After autistic teen’s safe return, Southington family discusses challenges

After autistic teen’s safe return, Southington family discusses challenges

SOUTHINGTON — When William Gibbons woke up early Tuesday morning, his wife informed him that his 15-year-old autistic son, Logan, was missing.

The family searched the house, and found almost every window locked and protected with an alarm. The lone exception was a tiny, 14-by-14-inch window in the downstairs bathroom, which Logan had used to leave.

“Essentially what he did was shimmy up the window, lay his stomach on top of it, and completely fall out the window,” William said.

A Silver Alert was issued for Logan. Hours later and several miles away from the family’s home on Carter Lane, Logan was located in the yard of a home near downtown Cheshire. The Gibbons family considers itself lucky following the incident, the fifth that has occurred in the past year.

“We are blessed every time someone speaks up and calls out, and says ‘Hey, I think I found that young man that’s missing,’ ” William said.

William said Logan’s behavior began to change when he started middle school after seven years at Hatton School

“That was a hard transition for him, coming from a school he had been with for seven years,” William said.

Logan began to experience difficulties expressing feelings verbally and physically. He soon began to sporadically leave his home unannounced, due to a need to release emotions.

“With a lot of autistic children, and like with my son, they show it many different ways,” William said.

“He likes to run,” William added. “He gets out of the house and he just goes.”

Though he has left the house about five times, he has not been injured.

“With a lot of these autistic kids, they do not understand the repercussions of getting hurt,” William said. “Our biggest fear when he gets out, is this going to be (the) time when he runs across the street and a car’s not going to see him.”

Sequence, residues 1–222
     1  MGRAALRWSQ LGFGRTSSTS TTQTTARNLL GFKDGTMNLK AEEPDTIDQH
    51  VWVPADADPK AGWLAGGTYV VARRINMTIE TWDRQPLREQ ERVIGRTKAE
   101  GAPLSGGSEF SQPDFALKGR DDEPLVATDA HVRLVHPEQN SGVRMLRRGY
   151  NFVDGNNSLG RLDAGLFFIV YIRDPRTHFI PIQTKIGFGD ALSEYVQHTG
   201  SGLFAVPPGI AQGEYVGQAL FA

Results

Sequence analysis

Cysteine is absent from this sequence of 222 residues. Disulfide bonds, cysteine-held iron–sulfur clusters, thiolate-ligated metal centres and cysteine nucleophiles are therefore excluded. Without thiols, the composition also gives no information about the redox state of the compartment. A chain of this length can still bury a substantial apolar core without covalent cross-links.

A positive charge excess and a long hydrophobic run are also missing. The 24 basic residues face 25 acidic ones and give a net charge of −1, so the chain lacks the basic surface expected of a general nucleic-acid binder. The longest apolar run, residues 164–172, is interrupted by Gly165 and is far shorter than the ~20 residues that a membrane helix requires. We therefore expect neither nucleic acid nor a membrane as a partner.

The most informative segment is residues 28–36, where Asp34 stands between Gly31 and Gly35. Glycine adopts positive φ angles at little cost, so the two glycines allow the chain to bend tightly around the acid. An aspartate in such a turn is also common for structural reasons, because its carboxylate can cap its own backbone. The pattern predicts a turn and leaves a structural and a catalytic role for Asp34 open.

In the most recent incident, William estimated Logan left the house about 4 a.m. When he leaves, the family calls 911 and uses the Facebook group Southington Talks to spread the word. Family members and relatives also search for Logan.

On Tuesday about 10 a.m., Logan was found by a Cheshire woman in her yard on West Main Street, about six miles from his home. William said Logan was tired, hungry and dirty.

William briefly spoke to the woman after Logan was found.

“I just thanked her from the bottom of my heart,” he said.

William also credited the Cheshire and Southington police departments for their assistance.

“I can’t give them enough kudos for what they have done,” he said.

The family has taken precautionary measures by installing alarm systems and cameras throughout the home. But if Logan does get out, area town officials have trained first responders in the event they come in contact with the boy.

Cheshire Town Councilor Liz Linehan, a 103rd House District candidate, recently created the Logan Project, an initiative which involves training police officers, firefighters and emergency medical technicians in interacting with autistic children and adults.

Linehan said autistic children and adults may display signs similar to individuals under the influence of drugs or ones that are non-compliant with first responders. The program aims to teach first responders to distinguish such differences.

The first session was held with Cheshire police earlier this year. Linehan, a Democrat, hopes to take the program statewide by the end of 2017, and eventually, nationwide.

Her Republican opponent in the House race, Andy Falvey, also spoke in support of the concept.

“I’m fully in favor of anything we can do to help first responders better understand what they’re dealing with,” he said.
Twitter: @BryanLipiner


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